Embryonic hematopoiesis under microscopic observation

Anna Klaus, Catherine Robin

Research output: Contribution to journal/periodicalArticleScientificpeer-review

16 Citations (Scopus)


Hematopoietic stem cells (HSCs) are at the origin of adult hematopoiesis, providing an organism with all blood cell types needed throughout life. During embryonic development a first wave of hematopoiesis (independent of HSCs) allows the survival and growth of the embryo until birth. A second wave of hematopoiesis that will last into adulthood depends on the production of HSCs that begins at mid-gestation in large arteries such as the aorta. HSC production occurs through a hemogenic endothelial to hematopoietic transition (EHT) process and the formation of hematopoietic clusters in most vertebrate species. Advances in understanding EHT, cluster formation and HSC production were triggered by combined progresses made in the development of in vivo assays, microscopy, imaging and fluorescence tools. Here, we review the current knowledge on developmental hematopoiesis with a focus on the first step of HSC production in the aorta and how microscopic approaches have contributed to a better understanding of the vital process of blood cell formation.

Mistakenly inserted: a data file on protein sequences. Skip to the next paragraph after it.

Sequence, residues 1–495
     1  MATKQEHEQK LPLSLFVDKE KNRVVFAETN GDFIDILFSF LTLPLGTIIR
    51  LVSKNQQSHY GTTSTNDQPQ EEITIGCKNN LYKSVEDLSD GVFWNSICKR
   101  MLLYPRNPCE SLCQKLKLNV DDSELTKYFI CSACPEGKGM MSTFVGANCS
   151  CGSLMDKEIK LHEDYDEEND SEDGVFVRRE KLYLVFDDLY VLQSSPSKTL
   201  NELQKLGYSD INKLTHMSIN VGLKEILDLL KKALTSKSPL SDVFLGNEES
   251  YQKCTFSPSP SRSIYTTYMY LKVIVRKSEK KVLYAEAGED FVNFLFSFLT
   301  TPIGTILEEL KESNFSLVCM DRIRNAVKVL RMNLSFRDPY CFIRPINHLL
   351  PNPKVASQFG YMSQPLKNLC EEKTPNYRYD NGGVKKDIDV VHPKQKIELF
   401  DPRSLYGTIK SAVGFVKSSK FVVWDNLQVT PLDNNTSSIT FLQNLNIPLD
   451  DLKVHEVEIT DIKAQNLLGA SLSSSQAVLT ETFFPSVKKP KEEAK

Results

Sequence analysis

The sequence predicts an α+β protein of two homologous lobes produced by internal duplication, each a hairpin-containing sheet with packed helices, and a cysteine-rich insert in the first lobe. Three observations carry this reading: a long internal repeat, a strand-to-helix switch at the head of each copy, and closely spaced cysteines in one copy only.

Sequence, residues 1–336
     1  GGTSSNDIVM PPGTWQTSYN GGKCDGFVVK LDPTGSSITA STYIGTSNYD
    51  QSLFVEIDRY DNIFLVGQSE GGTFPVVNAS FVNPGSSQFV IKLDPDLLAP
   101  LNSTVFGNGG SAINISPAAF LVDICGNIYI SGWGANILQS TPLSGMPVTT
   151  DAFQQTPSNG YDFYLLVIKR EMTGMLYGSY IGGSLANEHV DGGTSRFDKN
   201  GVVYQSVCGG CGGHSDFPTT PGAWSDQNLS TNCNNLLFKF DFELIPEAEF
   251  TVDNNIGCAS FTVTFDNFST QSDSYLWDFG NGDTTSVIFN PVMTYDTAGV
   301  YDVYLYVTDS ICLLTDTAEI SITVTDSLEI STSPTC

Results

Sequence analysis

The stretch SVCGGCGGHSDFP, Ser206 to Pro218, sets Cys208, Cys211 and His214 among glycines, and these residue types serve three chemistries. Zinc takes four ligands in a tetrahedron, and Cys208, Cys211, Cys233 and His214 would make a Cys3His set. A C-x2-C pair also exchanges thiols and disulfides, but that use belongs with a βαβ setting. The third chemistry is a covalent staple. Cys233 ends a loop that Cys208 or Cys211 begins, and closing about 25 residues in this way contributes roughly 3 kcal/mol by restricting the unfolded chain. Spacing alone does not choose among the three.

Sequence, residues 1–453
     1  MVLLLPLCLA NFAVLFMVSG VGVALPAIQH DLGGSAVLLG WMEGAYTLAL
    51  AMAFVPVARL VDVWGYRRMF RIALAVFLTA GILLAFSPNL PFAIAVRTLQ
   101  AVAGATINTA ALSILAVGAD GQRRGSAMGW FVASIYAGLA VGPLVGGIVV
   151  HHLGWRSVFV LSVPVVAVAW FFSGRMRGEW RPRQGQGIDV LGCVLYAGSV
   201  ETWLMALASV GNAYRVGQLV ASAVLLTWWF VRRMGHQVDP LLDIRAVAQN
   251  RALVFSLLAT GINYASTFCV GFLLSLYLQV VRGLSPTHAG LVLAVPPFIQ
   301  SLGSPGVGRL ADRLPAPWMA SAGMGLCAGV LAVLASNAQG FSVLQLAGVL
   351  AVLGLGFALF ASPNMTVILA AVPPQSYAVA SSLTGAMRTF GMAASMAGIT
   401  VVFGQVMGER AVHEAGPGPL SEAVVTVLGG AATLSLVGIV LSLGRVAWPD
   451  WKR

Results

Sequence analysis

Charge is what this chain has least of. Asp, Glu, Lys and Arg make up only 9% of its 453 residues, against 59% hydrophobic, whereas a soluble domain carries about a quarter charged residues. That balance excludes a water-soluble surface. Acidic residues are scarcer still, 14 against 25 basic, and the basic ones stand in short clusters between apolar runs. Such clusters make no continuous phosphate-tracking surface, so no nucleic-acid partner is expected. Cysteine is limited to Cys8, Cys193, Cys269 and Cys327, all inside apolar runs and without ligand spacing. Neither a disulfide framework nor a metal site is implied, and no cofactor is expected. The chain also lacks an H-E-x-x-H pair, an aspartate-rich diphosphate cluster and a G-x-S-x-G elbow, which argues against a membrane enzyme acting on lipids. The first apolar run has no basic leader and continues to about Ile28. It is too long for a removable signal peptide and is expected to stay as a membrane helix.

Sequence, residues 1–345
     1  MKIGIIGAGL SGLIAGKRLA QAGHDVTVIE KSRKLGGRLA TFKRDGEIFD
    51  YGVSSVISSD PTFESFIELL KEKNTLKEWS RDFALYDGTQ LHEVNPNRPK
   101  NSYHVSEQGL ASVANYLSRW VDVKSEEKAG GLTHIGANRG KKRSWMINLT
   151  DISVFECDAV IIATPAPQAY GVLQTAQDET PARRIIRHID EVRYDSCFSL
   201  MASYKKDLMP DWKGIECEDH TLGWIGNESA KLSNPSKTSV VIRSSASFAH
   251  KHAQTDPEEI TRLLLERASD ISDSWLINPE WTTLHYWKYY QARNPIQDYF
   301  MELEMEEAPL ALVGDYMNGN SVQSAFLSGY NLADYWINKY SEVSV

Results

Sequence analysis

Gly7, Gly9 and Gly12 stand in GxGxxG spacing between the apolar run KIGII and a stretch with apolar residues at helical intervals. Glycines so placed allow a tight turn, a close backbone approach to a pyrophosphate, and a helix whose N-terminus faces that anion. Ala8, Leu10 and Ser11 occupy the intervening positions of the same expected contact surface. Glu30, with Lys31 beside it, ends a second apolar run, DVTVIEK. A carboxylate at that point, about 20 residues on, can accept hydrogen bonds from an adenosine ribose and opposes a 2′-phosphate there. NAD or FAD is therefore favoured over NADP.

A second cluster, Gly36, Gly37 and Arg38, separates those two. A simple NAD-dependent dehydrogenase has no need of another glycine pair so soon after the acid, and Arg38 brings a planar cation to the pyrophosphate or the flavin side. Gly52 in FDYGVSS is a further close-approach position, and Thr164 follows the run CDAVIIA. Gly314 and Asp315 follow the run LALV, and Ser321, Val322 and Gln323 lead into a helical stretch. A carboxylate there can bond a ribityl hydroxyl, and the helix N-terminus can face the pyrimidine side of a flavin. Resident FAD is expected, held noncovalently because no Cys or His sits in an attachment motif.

Original languageEnglish
Pages (from-to)318-327
Number of pages10
JournalDevelopmental Biology
Issue number2
Publication statusPublished - 15 Aug 2017


  • Animals
  • Developmental Biology
  • Embryonic Development
  • Hematopoiesis
  • Hematopoietic Stem Cells
  • History, 19th Century
  • History, 20th Century
  • History, 21st Century
  • History, Ancient
  • History, Medieval
  • Humans
  • Microscopy
  • Stem Cell Research
  • Historical Article
  • Journal Article
  • Review
  • Research Support, Non-U.S. Gov't


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